"We would urge you to focus on this priority and take some time out from your ongoing feud with Assembly Speaker Robin Vos, R-Rochester, over COVID relief legislation … Right now, focus on the vaccine rollout and show us the plan," we wrote.
We're here today to say: Governor, we're happy to see the progress that has been made.
Wisconsin ranks 16th nationwide in the percentage of people who have gotten at least one dose, at 27.2%, according to the U.S. Centers for Disease Control and Prevention. That is ahead of the national average of 25.3%, the Associated Press reported. Wisconsin has also ranked near the top nationally in the efficiency of turning around vaccine once it is available for use.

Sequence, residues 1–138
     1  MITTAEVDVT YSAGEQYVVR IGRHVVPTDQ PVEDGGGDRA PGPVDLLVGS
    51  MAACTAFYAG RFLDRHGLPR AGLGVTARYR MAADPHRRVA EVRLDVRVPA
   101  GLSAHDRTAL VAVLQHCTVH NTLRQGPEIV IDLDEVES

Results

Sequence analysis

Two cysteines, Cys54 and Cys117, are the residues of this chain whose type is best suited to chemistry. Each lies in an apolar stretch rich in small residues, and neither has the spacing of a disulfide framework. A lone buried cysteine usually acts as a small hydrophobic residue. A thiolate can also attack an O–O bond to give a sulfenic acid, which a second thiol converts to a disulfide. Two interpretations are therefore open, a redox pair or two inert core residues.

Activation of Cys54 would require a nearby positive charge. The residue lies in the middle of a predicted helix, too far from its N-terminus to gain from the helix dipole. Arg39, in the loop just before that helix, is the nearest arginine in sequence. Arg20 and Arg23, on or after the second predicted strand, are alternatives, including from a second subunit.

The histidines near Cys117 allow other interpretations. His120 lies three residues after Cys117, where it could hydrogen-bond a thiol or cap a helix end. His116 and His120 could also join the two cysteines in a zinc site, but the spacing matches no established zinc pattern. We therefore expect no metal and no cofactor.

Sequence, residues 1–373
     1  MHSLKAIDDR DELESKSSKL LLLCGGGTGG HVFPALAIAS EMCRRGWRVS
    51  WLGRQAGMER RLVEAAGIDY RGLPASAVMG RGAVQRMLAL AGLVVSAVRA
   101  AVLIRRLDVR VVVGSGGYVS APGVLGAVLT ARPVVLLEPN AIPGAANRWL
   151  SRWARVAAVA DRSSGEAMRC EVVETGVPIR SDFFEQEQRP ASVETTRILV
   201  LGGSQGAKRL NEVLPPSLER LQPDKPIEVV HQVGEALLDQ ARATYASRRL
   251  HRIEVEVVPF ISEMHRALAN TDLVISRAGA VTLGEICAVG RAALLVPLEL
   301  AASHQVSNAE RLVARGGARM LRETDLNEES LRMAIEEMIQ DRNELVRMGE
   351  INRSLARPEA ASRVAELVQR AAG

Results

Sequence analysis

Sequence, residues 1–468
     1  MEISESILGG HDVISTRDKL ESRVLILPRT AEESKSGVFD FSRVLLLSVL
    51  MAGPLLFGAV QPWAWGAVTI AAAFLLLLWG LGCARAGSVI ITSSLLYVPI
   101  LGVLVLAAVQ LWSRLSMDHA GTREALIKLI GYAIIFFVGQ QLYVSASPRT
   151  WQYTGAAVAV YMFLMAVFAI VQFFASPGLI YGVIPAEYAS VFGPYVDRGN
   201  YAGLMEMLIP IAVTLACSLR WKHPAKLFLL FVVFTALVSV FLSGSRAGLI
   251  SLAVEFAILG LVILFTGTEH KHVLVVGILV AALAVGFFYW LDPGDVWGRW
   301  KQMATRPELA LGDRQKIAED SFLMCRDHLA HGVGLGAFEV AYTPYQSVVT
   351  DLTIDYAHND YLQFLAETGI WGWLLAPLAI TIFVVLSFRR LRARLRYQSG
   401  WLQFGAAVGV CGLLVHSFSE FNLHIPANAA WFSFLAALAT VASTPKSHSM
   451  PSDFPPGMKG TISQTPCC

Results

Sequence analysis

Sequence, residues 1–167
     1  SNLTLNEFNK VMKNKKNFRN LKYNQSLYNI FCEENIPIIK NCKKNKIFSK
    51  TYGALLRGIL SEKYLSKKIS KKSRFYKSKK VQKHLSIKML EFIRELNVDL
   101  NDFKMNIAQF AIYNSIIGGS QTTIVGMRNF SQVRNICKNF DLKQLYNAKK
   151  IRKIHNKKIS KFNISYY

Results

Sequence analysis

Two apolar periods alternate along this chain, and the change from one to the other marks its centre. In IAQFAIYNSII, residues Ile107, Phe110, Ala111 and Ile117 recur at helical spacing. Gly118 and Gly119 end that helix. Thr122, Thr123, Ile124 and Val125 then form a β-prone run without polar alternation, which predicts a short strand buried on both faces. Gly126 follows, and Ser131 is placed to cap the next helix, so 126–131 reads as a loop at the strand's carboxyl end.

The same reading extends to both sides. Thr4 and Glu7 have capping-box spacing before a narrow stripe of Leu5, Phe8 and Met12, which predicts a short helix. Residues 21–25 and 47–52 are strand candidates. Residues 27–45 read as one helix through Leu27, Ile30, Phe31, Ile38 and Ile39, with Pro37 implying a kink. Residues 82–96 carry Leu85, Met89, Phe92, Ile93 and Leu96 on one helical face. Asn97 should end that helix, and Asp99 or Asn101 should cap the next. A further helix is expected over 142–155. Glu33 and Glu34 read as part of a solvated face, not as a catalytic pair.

As of Tuesday, nearly 73% of people over age 65 had received at least one dose and 15% of the state's population age 16 and over were fully vaccinated, according to the Wisconsin Department of Health Services.
A local vaccination clinic opened on Tuesday at Regency Mall in Racine, and was on pace to use up its full allotment of 1,170 doses for the week. Appointment slots were quickly filling for next week, with many still available the week of April 5.
The nurse who gave a Kenosha News reporter her vaccine shot on Friday said they are expecting to vaccinate 2,500 people that day at Kenosha County Public Health's vaccine site at the former Shopko on 52nd Street.
As noted above, Evers and the leaders of the Republican majority in the state Senate and Assembly have rarely seen eye to eye since he took office.